BRATTLEBORO >> An effort to unionize the attorneys and staffers of the Vermont state's attorney's offices was sent back by the Vermont Supreme Court to the Labor Relations Board for further consideration.

The Vermont Labor Relations Board had rejected petitions submitted by the Vermont State Employees Association on the grounds that the state's attorney's staff members were not state employees eligible to join the union. However, the Supreme Court concluded the board had ruled incorrectly and reversed the decision.

The petition specified deputy state's attorneys, victim advocates and secretaries. Windham County State's Attorney Tracy Shriver, and state's attorneys in Franklin, Orange, Windsor and Addison opposed the petitions. Shriver told the Reformer she had no comment at this time on the Supreme Court's decision.

"(T)he petitioned-for employees do not fall neatly within any of the state's labor relations acts; as a result, they have not previously been part of a collective bargaining unit," noted Justice Marilyn Skoglund, writing for the court. The question for the court, and therefore the Labor Relations Board, was whether the employees were subject to the Municipal Employees Relations Act, wrote Skoglund.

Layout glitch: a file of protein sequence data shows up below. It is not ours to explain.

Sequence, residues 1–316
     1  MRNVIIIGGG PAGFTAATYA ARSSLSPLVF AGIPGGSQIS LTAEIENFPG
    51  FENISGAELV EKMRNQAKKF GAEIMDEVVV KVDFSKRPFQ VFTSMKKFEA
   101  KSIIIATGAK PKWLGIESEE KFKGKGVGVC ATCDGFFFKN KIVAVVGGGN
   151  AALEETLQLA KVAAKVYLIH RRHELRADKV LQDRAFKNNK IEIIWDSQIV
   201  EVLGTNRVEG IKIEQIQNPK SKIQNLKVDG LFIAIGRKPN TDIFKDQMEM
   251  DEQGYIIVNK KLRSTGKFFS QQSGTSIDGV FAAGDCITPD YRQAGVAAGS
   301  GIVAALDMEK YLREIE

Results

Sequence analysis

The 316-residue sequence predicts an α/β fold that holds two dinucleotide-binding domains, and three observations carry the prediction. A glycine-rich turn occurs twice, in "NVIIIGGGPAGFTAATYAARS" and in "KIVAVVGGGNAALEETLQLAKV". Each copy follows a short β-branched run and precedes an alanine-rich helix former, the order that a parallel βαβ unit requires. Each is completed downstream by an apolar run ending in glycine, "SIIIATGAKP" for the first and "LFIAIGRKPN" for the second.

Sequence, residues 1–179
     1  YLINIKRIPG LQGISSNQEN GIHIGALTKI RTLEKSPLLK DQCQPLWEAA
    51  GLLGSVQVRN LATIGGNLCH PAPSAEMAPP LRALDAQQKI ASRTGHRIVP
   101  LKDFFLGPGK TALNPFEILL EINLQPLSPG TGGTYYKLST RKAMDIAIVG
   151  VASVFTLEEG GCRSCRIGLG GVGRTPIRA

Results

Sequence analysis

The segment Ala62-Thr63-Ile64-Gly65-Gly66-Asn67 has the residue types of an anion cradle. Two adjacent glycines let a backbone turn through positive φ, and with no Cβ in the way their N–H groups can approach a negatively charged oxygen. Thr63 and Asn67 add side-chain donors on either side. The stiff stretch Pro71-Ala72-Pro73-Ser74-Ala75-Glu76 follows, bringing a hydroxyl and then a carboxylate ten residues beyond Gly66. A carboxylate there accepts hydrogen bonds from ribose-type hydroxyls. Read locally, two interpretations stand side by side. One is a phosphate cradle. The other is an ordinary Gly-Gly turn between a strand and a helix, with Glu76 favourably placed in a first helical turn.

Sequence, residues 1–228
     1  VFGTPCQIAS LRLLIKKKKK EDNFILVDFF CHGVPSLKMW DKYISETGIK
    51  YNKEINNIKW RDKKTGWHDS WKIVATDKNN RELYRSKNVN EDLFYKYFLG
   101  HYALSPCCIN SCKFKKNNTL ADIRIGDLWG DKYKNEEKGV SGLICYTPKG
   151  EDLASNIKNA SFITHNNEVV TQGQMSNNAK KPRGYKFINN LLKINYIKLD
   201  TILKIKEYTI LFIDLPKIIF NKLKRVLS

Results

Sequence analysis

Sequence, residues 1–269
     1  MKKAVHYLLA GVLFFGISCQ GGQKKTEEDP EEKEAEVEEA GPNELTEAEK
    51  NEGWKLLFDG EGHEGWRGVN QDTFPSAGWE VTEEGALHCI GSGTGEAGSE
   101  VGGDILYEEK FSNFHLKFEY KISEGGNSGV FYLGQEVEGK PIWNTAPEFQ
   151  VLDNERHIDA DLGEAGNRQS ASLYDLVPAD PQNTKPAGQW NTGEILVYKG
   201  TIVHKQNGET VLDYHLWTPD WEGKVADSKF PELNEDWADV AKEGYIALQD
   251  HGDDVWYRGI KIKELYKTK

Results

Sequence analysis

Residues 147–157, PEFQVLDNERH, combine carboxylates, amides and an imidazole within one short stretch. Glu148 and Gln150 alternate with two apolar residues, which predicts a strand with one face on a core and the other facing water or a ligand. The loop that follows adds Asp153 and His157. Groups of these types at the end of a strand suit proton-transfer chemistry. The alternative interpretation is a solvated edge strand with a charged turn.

"More specifically, the issue is whether either the individual state's attorneys or the legislatively created Vermont Department of State's Attorneys and Sheriffs, or some combination thereof, are municipal employers. Only municipal employers and their employees may bargain collectively under MERA."